As for misrepresenting Jewelry, I wish my photographs did the
Jewelry justice. Even retouched, I am unable to make the photograph
look better than the piece actually looks. I have never once had a
client say otherwise.

Jeff
JeffreyDesign Jewelry


#13

Elaine and all,

I am having trouble posting a simple PDF to my website at
ww.thelittlecameras.com describing in detail, with screen captures,
how to accomplish sharpening with the high pass filter. Some folks
seem to be a little confused, but this makes it clear, I think.

While I do not agree that it is a BETTER way to sharpen images, it
IS simpler to use for the un-initiated. Anyway, anyone who would
like the PDF can get it by sending me an e-mail request and I’ll get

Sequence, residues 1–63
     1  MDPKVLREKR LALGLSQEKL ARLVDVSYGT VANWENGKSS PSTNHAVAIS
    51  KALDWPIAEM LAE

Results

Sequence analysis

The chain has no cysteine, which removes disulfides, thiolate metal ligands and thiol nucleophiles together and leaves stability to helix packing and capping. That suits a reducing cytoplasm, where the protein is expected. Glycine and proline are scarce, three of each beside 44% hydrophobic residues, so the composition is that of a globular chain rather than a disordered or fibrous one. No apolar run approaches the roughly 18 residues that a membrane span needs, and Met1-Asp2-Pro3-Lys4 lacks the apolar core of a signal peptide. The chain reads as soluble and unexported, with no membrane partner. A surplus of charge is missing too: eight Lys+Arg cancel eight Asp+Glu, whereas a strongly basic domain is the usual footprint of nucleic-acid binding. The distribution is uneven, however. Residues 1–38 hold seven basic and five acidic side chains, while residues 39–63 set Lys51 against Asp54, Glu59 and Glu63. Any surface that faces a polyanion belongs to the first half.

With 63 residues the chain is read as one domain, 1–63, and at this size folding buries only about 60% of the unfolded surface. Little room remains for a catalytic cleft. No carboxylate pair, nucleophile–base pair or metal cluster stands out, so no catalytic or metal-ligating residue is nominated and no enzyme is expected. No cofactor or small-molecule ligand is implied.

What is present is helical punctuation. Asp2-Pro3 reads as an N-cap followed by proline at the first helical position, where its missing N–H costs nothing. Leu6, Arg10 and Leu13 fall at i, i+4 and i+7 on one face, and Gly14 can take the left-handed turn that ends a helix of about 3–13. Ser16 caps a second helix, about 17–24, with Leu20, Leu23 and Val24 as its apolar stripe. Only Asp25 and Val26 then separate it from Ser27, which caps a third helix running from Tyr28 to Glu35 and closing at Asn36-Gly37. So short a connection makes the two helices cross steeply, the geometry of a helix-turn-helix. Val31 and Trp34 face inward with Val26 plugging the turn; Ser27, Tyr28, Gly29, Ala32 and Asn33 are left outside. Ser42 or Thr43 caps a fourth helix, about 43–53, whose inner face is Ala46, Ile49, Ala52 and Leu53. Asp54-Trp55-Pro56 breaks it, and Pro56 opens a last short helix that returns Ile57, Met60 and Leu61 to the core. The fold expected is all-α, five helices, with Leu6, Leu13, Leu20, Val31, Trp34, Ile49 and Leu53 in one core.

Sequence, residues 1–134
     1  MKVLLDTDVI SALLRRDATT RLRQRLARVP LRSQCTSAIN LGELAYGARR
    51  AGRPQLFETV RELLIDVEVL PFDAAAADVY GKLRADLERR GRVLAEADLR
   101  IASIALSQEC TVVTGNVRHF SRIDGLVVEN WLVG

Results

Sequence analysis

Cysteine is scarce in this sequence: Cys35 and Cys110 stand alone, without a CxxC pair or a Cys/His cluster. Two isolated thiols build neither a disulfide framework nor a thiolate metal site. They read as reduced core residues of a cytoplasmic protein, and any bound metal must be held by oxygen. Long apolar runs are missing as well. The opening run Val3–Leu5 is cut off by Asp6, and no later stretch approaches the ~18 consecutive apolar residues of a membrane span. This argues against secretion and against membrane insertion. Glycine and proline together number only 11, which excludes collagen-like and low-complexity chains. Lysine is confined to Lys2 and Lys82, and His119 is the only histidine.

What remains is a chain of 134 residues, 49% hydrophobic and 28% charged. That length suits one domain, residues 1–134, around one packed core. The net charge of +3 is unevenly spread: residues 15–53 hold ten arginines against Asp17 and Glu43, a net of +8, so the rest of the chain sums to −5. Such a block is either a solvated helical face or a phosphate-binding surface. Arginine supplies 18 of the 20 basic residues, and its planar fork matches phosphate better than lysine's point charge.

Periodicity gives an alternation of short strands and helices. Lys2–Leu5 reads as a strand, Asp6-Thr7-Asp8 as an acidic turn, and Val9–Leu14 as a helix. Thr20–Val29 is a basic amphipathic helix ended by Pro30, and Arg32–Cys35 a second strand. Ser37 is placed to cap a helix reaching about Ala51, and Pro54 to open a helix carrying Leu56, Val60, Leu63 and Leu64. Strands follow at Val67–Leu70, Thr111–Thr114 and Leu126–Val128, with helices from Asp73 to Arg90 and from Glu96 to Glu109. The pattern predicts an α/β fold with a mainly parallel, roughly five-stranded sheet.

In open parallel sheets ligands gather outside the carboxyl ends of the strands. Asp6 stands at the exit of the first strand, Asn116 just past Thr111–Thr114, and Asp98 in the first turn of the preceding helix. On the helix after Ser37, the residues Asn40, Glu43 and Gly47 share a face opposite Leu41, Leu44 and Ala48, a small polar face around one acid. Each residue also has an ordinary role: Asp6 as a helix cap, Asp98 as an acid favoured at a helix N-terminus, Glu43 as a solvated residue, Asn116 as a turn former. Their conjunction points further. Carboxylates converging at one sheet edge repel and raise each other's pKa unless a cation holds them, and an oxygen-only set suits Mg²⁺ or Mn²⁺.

it off as quickly as possible.

Best regards,
Wayne


#14
I wish I could afford all the nice lighting and expensive
camera/light box setups but it's just not practical for me. 

You can build a light box for very, very little money. People use PVC
pipe and white rip stop nylon; cardboard boxes; IKEA hampers; etc.

You can see a ton of real examples that jewelers use (including two
of mine) in a presentation by Charles Lewton-Brain at the Metal Clay
World Conference last year.

Here’s the link to that:

http://tinyurl.com/3g5hbk

Here are links to two of my lightbox set ups, my old one, with
homemade lightbox:

and my new one, purchased light box:

Related articles on the blog have links to great tutorial sites and
where to buy a gradient gray background for only $10.00.

You can improve the quality of your photography, and you can do it
cheaply.

Elaine
http://www.CreativeTextureTools.com